One of the poorest states in Brazil, Piaui is a desert state but it does offer great beaches and two amazing national parks, in the Parque Nacional da Serra da Capivara you’ll find prehistoric sites and rock paintings – the top prehistoric site in South America.
The Amazon in the North of Brazil is 4 million square miles of river and jungle, fast flowing rivers totalling 50,000 miles. Although it’s quickly being evaded to make way for American ranchers, there’s still much of the jungle left to explore.
Sitting at the mouth of the world’s largest river, Belem is the main port for ships that ply the Amazon. From here you can travel by boat all the way to Peru. It’s one of the wettest cities in the world and acts as a gateway to the people and the ways of the rainforest. The vastness of the Amazon basin means that biologists are able to identify only 70 per cent of the fish sold in the famous Ver O Peso market. Also in Para, Salinopolis is a major Atlantic beach resort with top mineral spas and deserted beaches.
Marajo sits right on the equator at the mouth of the Amazon and is one of the world’s largest fluvial islands, bigger in size than Switzerland. Each wet season the Amazon floods this area and whole towns are submerged. Marajo is the only place in Brazil you’ll find buffalo in large numbers. Flooding gets so bad here that buffalo dive underwater for food. They’re used for their meat, milk and labour.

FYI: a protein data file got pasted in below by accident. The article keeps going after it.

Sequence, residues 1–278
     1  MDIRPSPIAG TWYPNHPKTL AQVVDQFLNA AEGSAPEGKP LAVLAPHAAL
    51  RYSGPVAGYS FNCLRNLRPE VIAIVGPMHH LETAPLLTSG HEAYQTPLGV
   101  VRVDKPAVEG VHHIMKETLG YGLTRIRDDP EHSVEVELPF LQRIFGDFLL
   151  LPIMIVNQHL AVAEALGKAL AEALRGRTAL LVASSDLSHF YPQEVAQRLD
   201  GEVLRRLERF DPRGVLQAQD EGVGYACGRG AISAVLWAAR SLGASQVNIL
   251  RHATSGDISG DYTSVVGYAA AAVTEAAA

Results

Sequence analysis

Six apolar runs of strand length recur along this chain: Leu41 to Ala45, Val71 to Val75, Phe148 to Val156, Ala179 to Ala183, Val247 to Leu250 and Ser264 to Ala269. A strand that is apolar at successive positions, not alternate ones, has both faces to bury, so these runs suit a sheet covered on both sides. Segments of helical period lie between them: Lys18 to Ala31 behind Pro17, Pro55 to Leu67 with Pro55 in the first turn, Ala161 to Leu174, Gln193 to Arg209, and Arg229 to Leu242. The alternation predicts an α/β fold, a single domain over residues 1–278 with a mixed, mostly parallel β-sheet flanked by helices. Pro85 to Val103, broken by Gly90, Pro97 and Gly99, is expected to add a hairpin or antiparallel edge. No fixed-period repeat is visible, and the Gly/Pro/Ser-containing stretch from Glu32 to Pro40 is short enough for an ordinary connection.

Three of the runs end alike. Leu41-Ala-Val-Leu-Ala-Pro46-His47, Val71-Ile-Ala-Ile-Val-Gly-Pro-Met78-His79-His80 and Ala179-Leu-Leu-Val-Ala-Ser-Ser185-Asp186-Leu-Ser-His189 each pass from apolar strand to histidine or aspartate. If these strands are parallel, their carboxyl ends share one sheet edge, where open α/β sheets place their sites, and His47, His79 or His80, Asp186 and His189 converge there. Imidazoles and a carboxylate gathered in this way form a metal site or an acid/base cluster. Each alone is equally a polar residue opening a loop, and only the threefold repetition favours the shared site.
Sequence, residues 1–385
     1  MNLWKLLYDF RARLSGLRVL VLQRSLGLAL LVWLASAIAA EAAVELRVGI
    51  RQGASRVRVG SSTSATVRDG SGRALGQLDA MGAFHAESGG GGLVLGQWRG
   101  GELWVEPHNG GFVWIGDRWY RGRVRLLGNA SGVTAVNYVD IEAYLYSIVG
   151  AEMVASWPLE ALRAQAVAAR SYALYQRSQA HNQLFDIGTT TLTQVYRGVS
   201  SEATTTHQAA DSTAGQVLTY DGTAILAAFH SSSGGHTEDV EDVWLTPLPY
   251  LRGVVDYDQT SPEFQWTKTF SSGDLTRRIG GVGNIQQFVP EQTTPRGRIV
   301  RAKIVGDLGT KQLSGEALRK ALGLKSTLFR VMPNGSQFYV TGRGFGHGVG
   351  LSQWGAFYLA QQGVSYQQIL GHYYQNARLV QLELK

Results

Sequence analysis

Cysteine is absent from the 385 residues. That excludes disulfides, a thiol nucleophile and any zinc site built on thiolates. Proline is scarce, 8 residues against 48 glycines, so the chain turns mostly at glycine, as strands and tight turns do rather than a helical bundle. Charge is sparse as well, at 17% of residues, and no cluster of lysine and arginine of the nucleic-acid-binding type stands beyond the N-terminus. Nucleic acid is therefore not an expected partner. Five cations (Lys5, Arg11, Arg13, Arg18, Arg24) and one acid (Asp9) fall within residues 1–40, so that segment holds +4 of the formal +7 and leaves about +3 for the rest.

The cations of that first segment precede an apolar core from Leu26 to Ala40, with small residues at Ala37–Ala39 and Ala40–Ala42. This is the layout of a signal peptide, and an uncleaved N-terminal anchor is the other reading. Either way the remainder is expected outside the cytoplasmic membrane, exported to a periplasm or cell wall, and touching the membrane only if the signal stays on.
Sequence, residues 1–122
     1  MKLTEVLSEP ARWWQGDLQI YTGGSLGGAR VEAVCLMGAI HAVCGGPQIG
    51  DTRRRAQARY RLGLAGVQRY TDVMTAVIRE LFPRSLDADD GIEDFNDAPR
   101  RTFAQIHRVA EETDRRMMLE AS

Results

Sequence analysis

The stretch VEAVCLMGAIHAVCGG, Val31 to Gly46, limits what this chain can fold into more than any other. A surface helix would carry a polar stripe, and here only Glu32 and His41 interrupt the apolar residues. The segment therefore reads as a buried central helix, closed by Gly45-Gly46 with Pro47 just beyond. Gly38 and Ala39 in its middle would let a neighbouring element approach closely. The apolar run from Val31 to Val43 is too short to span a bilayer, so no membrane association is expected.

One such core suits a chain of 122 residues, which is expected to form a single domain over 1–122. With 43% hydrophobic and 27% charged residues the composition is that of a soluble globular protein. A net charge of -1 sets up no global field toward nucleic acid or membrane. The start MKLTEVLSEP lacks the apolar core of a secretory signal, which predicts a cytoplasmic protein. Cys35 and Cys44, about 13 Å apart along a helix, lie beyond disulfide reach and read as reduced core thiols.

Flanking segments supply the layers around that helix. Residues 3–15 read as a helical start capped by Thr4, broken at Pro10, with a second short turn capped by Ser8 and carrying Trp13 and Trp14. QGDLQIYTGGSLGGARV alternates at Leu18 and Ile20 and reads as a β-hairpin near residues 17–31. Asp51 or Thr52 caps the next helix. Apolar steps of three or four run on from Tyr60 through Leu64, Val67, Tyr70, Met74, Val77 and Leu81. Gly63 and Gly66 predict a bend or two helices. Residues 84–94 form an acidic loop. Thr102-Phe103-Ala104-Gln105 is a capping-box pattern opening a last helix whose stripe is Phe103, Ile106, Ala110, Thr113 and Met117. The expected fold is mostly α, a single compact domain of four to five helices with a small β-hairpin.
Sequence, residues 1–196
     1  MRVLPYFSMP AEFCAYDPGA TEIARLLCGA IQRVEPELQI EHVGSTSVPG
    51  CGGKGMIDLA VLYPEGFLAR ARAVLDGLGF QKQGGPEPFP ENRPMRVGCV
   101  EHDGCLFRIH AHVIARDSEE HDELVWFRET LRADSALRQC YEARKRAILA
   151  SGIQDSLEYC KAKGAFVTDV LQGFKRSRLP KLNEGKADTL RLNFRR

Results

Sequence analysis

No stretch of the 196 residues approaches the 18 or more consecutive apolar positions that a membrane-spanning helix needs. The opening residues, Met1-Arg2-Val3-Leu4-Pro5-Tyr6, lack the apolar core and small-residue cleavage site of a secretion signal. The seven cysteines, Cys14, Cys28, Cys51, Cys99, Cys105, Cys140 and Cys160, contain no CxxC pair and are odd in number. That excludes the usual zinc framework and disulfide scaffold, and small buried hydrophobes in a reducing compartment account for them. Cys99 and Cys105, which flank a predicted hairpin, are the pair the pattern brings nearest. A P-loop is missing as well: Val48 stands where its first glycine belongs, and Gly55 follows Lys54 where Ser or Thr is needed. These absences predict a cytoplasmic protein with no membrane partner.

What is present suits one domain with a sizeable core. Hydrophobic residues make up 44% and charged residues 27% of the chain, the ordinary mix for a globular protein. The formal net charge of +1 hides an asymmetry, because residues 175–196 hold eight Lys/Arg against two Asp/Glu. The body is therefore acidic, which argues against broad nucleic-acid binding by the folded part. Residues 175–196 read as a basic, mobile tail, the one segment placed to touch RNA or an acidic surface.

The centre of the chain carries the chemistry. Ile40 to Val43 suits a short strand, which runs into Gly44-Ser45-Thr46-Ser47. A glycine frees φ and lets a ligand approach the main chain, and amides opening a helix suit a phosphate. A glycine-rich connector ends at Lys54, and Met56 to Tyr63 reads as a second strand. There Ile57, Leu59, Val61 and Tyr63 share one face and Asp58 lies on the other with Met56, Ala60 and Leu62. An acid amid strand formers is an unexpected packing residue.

Roraima is the final frontier between the Venezuelan border and the Amazon, and home to the Yanomami tribe, a threatened tribe representing about a third of Brazil’s remaining Indians.
This state has become rapidly developed and de-forested, and is also a distribution centre for cocaine. The Nordestinos Indians remain a small but fragmented group here. It’s a depressing site of history and nature fading into extinction.
Probably the least popular state in Brazil out-shadowed by its stunning neighbours of Rio and Bahia, Espirito Santo is probably best visited for its quaint fishing villages and seafood. The town of Guarapari has 23 lovely beaches set against a mountain backdrop.
Minas Gerais is the size of France, a vast interior plateau with some of the highest mountain peaks in Brazil and vast deep valleys. There are a number of interesting historic colonial cities within the vast region like Sao Joaoa del Rei, Ouro Preto, site of the largest deposits of gold in the western hemisphere, and Mariana. It is the site of Brazil 3rd biggest city, Belo Horizonte. In the south of the state are 13 spa towns which are well developed health resorts with natural springs. The town of Caxambu is famed for its water and a great place to unwind after the Rio carnival.